Superman II’s fatal flaw is that it never determines whether it’s an action movie, a satire, a superhero movie, or a comedy. It builds upon the world created by the first Superman film, but the direction it takes, and the humour it employs, confuses its destination. Yes, you know which parts to laugh at, but most of the time you don’t. And then the movie tries too hard to make you laugh, an endeavour that sends you back to square one.
It has been well documented the trouble Superman II had during its production. Richard Donner, the director of the first film, was pulled out of this project after shooting almost three-quarters of it. In order for his replacement, Richard Lester, to gain full directing credit, he had to shoot 51% of the film, which meant much of Donner’s footage had to be scrapped and reshot. This resulted in loopholes and gaps in continuity, made clear in the movie’s third act at the North Pole, which features a Gene Hackman stand-in who never shows his face till Hackman’s scenes reappear.
For what it’s worth, Lester does a fine job of keeping with Donner’s tone and style. Superman still wears the same costume. The characters who surround him retain many of their everyman qualities, some less than others. The problems he has to tackle have grown in sincerity, but the crux of their demands remains the same.
What has changed, I suspect, is the approach. Donner knew that his Superman was a larger-than-life character, glued to the Superman of the comics, bound by his duty and winking at us while he carried it out. If Superman’s methods in the first film were questionable, his intentions were pure and just.
Superman is still pure and just here, but he’s more cheeky. More sly. More carnal. He wants Lois Lane as much as she wants him, and finally, all truths are revealed when Lois and Clark bunk together in a honeymoon suite during one of their cases at Niagara Falls. There is an amusing test where Lois (Margot Kidder), after suspecting Clark (Christopher Reeve) of being Superman (again), falls off a ledge into Niagara’s rapids knowing Clark will change into the man of steel and rescue her. It’s a long, drawn out scene, but it plays straight and smooth. And Clark delivers the expected by not changing into Superman.
His relationship with Lois is what sets the tone of this film. It is the only thing that grounds it in some sort of warped reality. We know that Clark and Superman look as different from each other as Mary-Kate and Ashley Olsen, so we know that the characters in the Superman films must either be blind or mentally disabled if they cannot, even at a glance, determine Superman’s identity. Or maybe their psychology runs deeper; maybe Clark and Superman look so much alike that none of the people who see them would ever think they are one and the same. Least of all Lois, who in this film has grown duller and more predictable. She constantly finds herself, whether intentionally or not, in need of Superman’s assistance. The movie opens with a terrorist situation in Paris — the terrorists plan to blow up the Eiffel Tower with a nuclear bomb. Lois finds herself in the middle of the action, dangling from one of the Tower’s lifts. Why is she in Paris? Because she’s the Daily Planet’s best reporter. A reporter sent to France without knowing a word of French.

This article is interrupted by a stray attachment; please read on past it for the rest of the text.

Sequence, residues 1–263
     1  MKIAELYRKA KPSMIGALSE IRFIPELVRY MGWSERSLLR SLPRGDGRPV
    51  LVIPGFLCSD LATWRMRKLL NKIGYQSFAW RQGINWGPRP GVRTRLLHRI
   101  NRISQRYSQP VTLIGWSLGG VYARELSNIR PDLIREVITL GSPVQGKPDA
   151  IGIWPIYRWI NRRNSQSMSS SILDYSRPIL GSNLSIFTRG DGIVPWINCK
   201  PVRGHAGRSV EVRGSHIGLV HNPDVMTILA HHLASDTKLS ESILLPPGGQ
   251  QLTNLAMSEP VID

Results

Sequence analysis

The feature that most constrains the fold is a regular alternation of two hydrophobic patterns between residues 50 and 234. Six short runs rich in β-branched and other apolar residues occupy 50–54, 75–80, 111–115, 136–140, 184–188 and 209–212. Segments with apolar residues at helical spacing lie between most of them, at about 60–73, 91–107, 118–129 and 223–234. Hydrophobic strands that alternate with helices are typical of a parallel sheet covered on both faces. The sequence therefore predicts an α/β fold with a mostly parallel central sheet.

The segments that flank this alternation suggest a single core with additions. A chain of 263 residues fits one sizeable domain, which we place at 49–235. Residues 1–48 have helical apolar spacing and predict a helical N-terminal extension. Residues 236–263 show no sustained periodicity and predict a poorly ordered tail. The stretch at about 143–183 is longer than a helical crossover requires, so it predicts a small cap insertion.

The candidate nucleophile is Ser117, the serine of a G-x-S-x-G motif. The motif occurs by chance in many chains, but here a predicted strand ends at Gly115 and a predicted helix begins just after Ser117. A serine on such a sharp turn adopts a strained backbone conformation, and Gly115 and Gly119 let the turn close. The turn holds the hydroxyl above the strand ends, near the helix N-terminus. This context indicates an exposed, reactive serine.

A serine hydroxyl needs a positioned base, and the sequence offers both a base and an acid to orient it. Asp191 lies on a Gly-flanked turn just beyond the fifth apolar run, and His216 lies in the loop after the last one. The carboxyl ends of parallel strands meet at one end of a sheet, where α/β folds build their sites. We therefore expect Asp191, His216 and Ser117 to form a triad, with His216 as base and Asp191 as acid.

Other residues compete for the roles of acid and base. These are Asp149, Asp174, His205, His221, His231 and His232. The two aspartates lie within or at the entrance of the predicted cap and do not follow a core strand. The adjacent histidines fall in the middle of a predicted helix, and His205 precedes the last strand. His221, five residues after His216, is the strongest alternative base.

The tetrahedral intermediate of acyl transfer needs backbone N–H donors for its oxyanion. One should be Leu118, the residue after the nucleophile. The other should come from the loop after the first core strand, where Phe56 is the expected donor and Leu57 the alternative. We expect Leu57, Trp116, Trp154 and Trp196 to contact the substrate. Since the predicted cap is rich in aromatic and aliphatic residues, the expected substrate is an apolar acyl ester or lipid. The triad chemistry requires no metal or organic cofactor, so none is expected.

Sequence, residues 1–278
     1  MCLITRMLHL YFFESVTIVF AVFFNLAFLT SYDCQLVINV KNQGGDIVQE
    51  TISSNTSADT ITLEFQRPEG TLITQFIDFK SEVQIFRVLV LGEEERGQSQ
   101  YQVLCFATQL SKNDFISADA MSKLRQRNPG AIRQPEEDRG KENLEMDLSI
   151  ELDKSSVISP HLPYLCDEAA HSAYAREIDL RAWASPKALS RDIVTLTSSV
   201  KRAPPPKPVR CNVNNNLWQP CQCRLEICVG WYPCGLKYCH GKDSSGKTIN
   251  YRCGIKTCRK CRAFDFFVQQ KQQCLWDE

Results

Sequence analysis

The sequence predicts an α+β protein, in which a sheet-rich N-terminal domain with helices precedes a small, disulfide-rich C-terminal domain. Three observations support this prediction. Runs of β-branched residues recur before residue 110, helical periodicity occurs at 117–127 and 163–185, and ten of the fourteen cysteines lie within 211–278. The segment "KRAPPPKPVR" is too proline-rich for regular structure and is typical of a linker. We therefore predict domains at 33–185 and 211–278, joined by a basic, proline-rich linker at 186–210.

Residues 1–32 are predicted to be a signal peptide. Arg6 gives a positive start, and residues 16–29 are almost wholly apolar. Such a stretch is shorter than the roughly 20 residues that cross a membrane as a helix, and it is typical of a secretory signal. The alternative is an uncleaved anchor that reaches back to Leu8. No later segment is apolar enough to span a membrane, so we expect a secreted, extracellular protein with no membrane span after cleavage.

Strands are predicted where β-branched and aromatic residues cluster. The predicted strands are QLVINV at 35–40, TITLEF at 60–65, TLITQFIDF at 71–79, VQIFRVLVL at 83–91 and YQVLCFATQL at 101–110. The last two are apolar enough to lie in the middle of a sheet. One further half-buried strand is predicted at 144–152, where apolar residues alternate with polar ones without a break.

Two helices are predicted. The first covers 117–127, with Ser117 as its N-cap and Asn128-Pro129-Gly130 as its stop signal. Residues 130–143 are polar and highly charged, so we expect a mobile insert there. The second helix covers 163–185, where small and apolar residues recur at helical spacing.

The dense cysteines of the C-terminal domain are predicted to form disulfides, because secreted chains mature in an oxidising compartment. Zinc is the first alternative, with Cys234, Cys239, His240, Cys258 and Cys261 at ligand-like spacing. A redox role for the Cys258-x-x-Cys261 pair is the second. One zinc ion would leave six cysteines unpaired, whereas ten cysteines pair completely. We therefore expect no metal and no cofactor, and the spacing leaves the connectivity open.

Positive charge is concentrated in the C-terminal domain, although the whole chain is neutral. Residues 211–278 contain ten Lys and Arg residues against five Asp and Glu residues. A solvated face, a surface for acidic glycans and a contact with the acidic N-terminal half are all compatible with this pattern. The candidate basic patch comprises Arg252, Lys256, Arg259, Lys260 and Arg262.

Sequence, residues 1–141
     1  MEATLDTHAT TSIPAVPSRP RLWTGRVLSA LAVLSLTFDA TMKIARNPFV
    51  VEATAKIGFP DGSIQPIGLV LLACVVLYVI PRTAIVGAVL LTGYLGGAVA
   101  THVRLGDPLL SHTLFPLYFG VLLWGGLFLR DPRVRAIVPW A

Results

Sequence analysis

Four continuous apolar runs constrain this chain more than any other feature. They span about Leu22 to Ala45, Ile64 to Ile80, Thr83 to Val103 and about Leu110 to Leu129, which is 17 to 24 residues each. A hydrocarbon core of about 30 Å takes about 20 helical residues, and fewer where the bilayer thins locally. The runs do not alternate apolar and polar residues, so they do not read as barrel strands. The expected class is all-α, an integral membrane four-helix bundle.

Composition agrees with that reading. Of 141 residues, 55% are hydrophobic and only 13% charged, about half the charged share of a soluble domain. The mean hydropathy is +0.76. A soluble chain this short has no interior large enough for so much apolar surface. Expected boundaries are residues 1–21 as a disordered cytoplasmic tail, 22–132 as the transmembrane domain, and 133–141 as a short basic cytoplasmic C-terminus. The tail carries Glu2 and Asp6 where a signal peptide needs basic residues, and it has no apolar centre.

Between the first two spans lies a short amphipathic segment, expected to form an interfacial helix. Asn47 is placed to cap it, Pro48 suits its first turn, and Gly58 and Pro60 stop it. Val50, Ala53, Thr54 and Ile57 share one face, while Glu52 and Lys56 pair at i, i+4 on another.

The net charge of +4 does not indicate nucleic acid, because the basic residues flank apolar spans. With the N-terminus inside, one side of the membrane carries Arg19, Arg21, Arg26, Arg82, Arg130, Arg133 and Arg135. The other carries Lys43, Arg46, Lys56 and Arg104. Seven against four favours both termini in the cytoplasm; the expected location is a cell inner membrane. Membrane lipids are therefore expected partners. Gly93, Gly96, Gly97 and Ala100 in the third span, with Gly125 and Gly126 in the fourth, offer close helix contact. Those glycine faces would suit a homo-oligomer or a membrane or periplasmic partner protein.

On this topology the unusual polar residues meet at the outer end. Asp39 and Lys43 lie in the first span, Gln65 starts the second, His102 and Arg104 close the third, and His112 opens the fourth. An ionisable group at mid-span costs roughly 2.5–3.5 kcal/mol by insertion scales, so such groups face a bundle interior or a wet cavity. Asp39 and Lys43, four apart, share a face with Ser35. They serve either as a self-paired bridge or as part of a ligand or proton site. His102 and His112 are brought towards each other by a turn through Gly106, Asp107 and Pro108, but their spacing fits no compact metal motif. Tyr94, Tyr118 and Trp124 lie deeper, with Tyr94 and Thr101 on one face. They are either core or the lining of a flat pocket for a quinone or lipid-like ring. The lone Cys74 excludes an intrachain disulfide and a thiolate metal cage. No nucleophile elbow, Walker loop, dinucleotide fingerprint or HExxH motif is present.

Superman swoops in from half the world away and throws the lift (bomb and all) into space, where it drifts away and explodes in the approximate vicinity of Krypton’s Phantom Zone, which, if you recall from the first film, contains three Kryptonian convicts: Zod and his two cronies (Terence Stamp, Sarah Douglas and Jack O’Halloran). Luckily, nuclear blasts are the only things that can crack open the Phantom Zone; it cracks indeed, and Zod flies to Earth with the intention of ruling it as supreme commander.
There are some clever moments during Zod’s invasion, and some tightly structured effects — Lester and his team do well to make three people, dressed in trash bags, appear impervious to helicopter missile fire. But why are they not more enamoured by their newfound powers? Why, for that matter, do they use them as if they’ve always had them? Do they not realise that they look exactly like the “primitive species” they’ve come to conquer? These questions are hard to answer. The screenplay, co-written by Mario Puzo, makes no attempt to make Zod a complex character with far-reaching goals — after he conquers, then what?
I enjoyed the first Superman a lot more than this one. Neither movie is exceptional, but Donner’s Superman knew clearly what it was and refused to deviate. Lester’s is like that little kid who can’t choose between chocolate and vanilla ice-cream. There is an extended sequence in Superman II where Zod and his team try to destroy Metropolis by huffing and puffing and blowing it down. It is so unintentionally slapstick that it looks cut out from a Leslie Nielsen movie. Nielsen should have been given a part, then, even if all he had to do was look up and shout, “Way to go, Superman!”
Best Moment | Seeing Reeve as Clark Kent. He makes such a good Clark.
Worst Moment | Any scene involving Lex Luthor, Lois, or Zod and his duo.